Start Your 2018 Tax Planning Now

Jan 16
Start Your 2018 Tax Planning Now

As anyone could imagine, the hottest topic in wealth planning right now is trying to decipher the impacts of the Tax Cuts and Jobs Act Of 2017.  I am currently working on a summary of the tax legislation which I will publish later this month.  But for now, I think that it is prudent to focus on some other key facts and dates from a tax perspective as we start this new year.

Bottom line, there aren’t a whole lot of significant changes from a contribution limit standpoint from 2017 to 2018.  You will see in bold below where there were slight changes.  One specific point of emphasis that I make every year is regarding 401k contributions.  I really encourage people to contribute enough to receive their company match if their company offers one.  Matches can vary greatly by company but usually range between 3% and 6%.  Ensuring that your own contributions meet the qualifications, it is essentially receiving free money.

Qualified Dividend and Long-Term Capital Gains Rates:

  • 0%: Single taxpayers with incomes between $0 and $38,600; married couples filing jointly with incomes between $0 and $77,200.
  • 15%: Single taxpayers with incomes between $38,600 and $425,800; married couples filing jointly with incomes between $77,200 and $479,000.
  • 20%: Single taxpayers with incomes over $425,800; married couples filing jointly with incomes over $479,000.

Medicare Surtax: As in years past, an additional 3.8% Medicare surtax will apply to the lesser of net investment income or the excess of modified adjusted gross income over $200,000 for single taxpayers and $250,000 for married couples filing jointly.

IRA contribution limits (Roth or traditional): $5,500 under age 50/$6,500 over age 50.  No change from 2017.

Income limits for deductible IRA contribution, single filers or married couples filing jointly who aren’t covered by a retirement plan at work: None; fully deductible contribution.

Income limits for deductible IRA contribution for filers covered by a retirement plan:

  • Single: Modified adjusted gross income under $63,000–fully deductible contribution; between $63,000 and $73,000–partially deductible contribution; more than $73,000–contribution not deductible.
  • Married: Modified adjusted gross income under $101,000–fully deductible contribution; between $101,000 and $121,000–partially deductible contribution; more than $121,000–contribution not deductible.

Income limits for nondeductible IRA contributions: None.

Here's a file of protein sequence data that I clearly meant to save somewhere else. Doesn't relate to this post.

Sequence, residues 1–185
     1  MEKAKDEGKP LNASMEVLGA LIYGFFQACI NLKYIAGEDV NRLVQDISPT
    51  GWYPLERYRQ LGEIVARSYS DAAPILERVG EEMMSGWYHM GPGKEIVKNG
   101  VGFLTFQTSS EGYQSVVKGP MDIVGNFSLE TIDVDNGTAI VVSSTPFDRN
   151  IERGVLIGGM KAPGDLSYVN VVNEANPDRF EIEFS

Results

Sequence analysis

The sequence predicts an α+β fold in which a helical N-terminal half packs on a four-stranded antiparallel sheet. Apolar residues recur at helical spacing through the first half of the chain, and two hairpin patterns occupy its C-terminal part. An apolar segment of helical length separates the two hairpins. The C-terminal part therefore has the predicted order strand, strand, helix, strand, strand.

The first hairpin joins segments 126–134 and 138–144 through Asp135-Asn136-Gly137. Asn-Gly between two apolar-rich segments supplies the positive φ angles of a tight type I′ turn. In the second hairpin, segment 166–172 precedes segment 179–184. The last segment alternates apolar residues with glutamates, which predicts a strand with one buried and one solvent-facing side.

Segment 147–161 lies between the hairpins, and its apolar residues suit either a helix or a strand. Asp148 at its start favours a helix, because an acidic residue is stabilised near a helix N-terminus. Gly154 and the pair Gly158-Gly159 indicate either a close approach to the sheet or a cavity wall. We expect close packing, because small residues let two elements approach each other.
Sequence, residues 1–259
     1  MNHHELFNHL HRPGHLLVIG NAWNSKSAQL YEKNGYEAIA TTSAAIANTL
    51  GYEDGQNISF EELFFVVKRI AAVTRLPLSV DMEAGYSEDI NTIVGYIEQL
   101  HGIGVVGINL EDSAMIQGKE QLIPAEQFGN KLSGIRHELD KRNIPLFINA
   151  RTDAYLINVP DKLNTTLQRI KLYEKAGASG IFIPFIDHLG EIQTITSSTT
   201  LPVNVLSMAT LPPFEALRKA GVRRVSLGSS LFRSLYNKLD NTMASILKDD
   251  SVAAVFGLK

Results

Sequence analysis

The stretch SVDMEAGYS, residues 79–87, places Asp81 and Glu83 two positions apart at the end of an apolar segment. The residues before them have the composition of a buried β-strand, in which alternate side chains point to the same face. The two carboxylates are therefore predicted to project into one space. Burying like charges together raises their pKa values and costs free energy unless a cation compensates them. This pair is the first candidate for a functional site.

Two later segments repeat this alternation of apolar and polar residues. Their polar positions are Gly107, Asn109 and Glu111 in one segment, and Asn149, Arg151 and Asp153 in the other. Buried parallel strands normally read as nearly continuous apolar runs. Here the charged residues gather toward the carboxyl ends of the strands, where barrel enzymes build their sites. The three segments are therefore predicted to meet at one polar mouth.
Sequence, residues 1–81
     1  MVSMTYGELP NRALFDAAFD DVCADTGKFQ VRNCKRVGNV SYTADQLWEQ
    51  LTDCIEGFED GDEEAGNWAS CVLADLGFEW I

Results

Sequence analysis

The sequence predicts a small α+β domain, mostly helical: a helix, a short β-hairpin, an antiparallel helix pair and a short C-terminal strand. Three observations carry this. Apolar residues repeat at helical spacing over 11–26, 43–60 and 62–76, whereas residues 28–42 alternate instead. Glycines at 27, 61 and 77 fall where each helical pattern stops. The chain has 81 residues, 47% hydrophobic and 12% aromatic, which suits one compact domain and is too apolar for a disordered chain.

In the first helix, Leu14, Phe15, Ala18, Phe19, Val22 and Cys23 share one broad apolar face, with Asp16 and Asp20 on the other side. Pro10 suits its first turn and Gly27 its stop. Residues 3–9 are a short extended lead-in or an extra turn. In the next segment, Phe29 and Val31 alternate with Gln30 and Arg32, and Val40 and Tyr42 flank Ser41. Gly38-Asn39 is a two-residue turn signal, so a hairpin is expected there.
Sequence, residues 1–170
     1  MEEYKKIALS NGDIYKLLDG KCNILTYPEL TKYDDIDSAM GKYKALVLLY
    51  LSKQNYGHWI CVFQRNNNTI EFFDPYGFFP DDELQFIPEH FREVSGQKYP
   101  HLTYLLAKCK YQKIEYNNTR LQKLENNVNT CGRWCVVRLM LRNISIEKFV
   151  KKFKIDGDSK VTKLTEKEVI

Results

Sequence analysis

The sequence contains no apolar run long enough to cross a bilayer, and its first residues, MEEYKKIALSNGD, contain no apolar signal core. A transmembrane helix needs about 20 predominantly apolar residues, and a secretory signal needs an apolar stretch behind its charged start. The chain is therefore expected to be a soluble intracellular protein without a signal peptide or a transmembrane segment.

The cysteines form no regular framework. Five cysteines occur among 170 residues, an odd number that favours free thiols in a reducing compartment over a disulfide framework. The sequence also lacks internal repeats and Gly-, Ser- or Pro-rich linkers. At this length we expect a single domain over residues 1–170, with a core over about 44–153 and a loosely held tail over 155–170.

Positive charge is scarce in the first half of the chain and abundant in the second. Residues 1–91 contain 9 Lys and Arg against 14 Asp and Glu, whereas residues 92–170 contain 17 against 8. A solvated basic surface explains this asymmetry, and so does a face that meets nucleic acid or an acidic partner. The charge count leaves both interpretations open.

Income limits for IRA conversions: None, but note that the tax legislation eliminated the opportunity to recharacterize a Roth IRA as a traditional IRA, or vice versa.

Income limits for Roth IRA contribution:

  • Single: Modified adjusted gross income under $120,000–full Roth contribution; between $120,000 and $135,000–partial Roth contribution; more than $135,000–no Roth contribution.
  • Married couples filing jointly: Modified adjusted gross income under $189,000–full Roth contribution; between $189,000 and $199,000–partial Roth contribution; more than $199,000–no Roth contribution.

Contribution limits for 401(k), 403(b), 457 plans, or self-employed 401(k) (traditional or Roth): $18,500 under age 50; $24,500 for age 50 and older.  Increase of $500 from 2017.

Total 401(k) contribution limits, including employer (pretax, Roth, after-tax) and employee contributions and forfeitures: $55,000 if under age 50; $61,000 if 50-plus.  Increase of $1,000 from 2017.

SEP IRA contribution limit: The lesser of 25% of compensation or $55,000.  Increase of $1,000 from 2017.

Health savings account contribution limits:

  • Single: $3,450 (under 55); $4,450 (over 55).  Increase of $50 from 2017.
  • Family: $6,900 (contributor under 55); $7,900 (contributor 55-plus).  Increase of $150 from 2017.

High-deductible health plan out-of-pocket maximum, self-only coverage: $6,650.  Increase of $100 from 2017.

High-deductible health plan out-of-pocket maximum, family coverage: $13,300.  Increase of $200 from 2017.

Section 529 college-savings account contribution limit: Per IRS guidelines, contributions cannot exceed amount necessary to provide education for beneficiary. Deduction amounts vary by state, and those contributing very large amounts may have to file a gift tax form. Section 529 college savings account income limit: None.

Estate Tax, Gift, Generation-Skipping Tax: The new tax laws greatly increase the lifetime exclusion amount to $11.2 million through 2025; couples receive an exclusion that’s double that amount, or more than $22 million.

2018: Important Tax Dates to Remember

Jan. 1: New IRA, retirement plan, and HSA contribution and income limits went into effect for 2018 tax year, as listed above.

Jan. 16: Estimated tax payments due for fourth quarter of 2017.

April 17: Individual tax returns (or extension request forms) due for 2017 tax year.

  • Estimated tax payments due for first quarter of 2018.
  • Last day to contribute to IRA for 2017 tax year (2017 contribution limits: $5,500 under age 55; $6,500 for age 55 and above).
  • Last day to contribute to health savings account for 2017 tax year (2017 contribution limits: $3,400 for single coverage, contributor under age 55; $4,400 for single coverage, contributor age 55 and above; $6,750 for family coverage, contributor under age 55; $7,750 for family coverage, contributor age 55 and above).

June 15: Estimated tax payments due for second quarter of 2018.

Sept. 17: Estimated tax payments due for third quarter of 2018.

Oct. 15: Individual tax returns due for taxpayers who received a six-month extension.

Dec. 31: Retirees age 70 1/2 and older must take required minimum distributions from traditional IRAs and 401(k)s; those RMDs are based on their balances at the end of 2017. Last date to make contributions to company retirement plans (401(k), 403(b), 457) for 2018 tax year.